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dc.creatorPourghasemia, Hamid Reza
dc.creatorPouyanb, Soheila
dc.creatorHeidaric, Bahram
dc.creatorFarajzadehd, Zakariya
dc.creatorFallah Shamsia, Seyed Rashid
dc.creatorBabaeia, Sedigheh
dc.creatorKhosravia, Rasoul
dc.creatorEtemadie, Mohammad
dc.creatorGhanbariana, Gholamabbas
dc.creatorFarhadia, Ahmad
dc.creatorRoja, Safaeiana
dc.creatorHeidarif, Zahra
dc.creatorTarazkard, Mohammad Hassan
dc.creatorTiefenbacherg, John P.
dc.creatorAzmih, Amir
dc.creatorSadeghiani, Faezeh
dc.date.accessioned2020-08-24T16:55:02Z
dc.date.available2020-08-24T16:55:02Z
dc.date.created2020-06-17
dc.identifier.issn1201-9712spa
dc.identifier.otherhttps://www.ijidonline.com/article/S1201-9712(20)30493-8/fulltext#%20spa
dc.identifier.urihttp://hdl.handle.net/20.500.12010/12154
dc.format.extent19 páginasspa
dc.format.mimetypeapplication/pdfspa
dc.language.isoengspa
dc.publisherInternational Journal of Infectious Diseasesspa
dc.sourcereponame:Expeditio Repositorio Institucional UJTLspa
dc.sourceinstname:Universidad de Bogotá Jorge Tadeo Lozanospa
dc.subjectSpatial modelingspa
dc.subjectRisk mapspa
dc.subjectOutbreak trendspa
dc.subjectHeatmapspa
dc.subjectRegression modelspa
dc.subjectIranspa
dc.titleSpatial modeling, risk mapping, change detection, and outbreak trend analysis of coronavirus (COVID-19) in Iran (days between February 19 and June 14, 2020)spa
dc.type.localArtículospa
dc.subject.lembSíndrome respiratorio agudo gravespa
dc.subject.lembCOVID-19spa
dc.subject.lembSARS-CoV-2spa
dc.subject.lembCoronavirusspa
dc.rights.accessrightsinfo:eu-repo/semantics/openAccessspa
dc.type.hasversioninfo:eu-repo/semantics/acceptedVersionspa
dc.rights.localAbierto (Texto Completo)spa
dc.identifier.doihttps://doi.org/10.1016/j.ijid.2020.06.058spa
dc.description.abstractenglishObjectives Coronavirus disease 2019 (COVID-19) represents a major pandemic threat that has spread to more than 212 countries with more than 432,902 recorded deaths and 7,898,442 confirmed cases worldwide so far (on June 14, 2020). It is crucial to investigate the spatial drivers to prevent and control the epidemic of COVID-19. Methods. This is the first comprehensive study of COVID-19 in Iran; and it carries out spatial modeling, risk mapping, change detection, and outbreak trend analysis of the disease spread. Four main steps were taken: comparison of Iranian coronavirus data with the global trends, prediction of mortality trends using regression modeling, spatial modeling, risk mapping, and change detection using the random forest (RF) machine learning technique (MLT), and validation of the modeled risk map. Results The results show that from February 19 to June 14, 2020, the average growth rates (GR) of COVID-19 deaths and the total number of COVID-19 cases in Iran were 1.08 and 1.10, respectively. Based on the World Health Organisation (WHO) data, Iran’s fatality rate (deaths/0.1 M pop) is 10.53. Other countries’ fatality rates were, for comparison, Belgium – 83.32, UK – 61.39, Spain – 58.04, Italy – 56.73, Sweden – 48.28, France – 45.04, USA – 35.52, Canada – 21.49, Brazil – 20.10, Peru – 19.70, Chile – 16.20, Mexico– 12.80, and Germany – 10.58. The fatality rate for China is 0.32 (deaths/0.1 M pop). Over time, the heatmap of the infected areas identified two critical time intervals for the COVID-19 outbreak in Iran. The provinces were classified in terms of disease and death rates into a large primary group and three provinces that had critical outbreaks were separate from the others. The heatmap of countries of the world shows that China and Italy were distinguished from other countries in terms of nine viral infection-related parameters. The regression models for death cases showed an increasing trend but with some evidence of turning. A polynomial relationship was identified between the coronavirus infection rate and the province population density. Also, a third-degree polynomial regression model for deaths showed an increasing trend recently, indicating that subsequent measures taken to cope with the outbreak have been insufficient and ineffective. The general trend of deaths in Iran is similar to the world's, but Iran’s shows lower volatility. Change detection of COVID-19 risk maps with a random forest model for the period from March 11 to March 18 showed an increasing trend of COVID-19 in Iran’s provinces. It is worth noting that using the LASSO MLT to evaluate variables’ importance, indicated that the most important variables were the distance from bus stations, bakeries, hospitals, mosques, ATMs (automated teller machines), banks, and the minimum temperature of the coldest month. Conclusions We believe that this study's risk maps are the primary, fundamental step to take for managing and controlling COVID-19 in Iran and its provinces.spa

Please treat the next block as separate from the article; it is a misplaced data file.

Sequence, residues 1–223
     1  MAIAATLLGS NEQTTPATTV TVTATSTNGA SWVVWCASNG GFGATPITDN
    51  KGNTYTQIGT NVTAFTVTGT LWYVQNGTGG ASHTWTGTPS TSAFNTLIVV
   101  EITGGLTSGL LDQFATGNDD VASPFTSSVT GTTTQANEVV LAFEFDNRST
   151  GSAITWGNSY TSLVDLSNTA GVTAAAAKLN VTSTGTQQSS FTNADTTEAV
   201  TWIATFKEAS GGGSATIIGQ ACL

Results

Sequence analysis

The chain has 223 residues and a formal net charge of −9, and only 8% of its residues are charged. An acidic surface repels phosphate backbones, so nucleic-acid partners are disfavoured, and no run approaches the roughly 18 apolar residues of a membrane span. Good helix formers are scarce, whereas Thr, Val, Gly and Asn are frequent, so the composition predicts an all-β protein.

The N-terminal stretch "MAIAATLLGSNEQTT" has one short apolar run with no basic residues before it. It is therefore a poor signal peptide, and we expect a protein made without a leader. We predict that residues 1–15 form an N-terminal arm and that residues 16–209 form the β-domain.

dc.type.coarhttp://purl.org/coar/resource_type/c_6501spa


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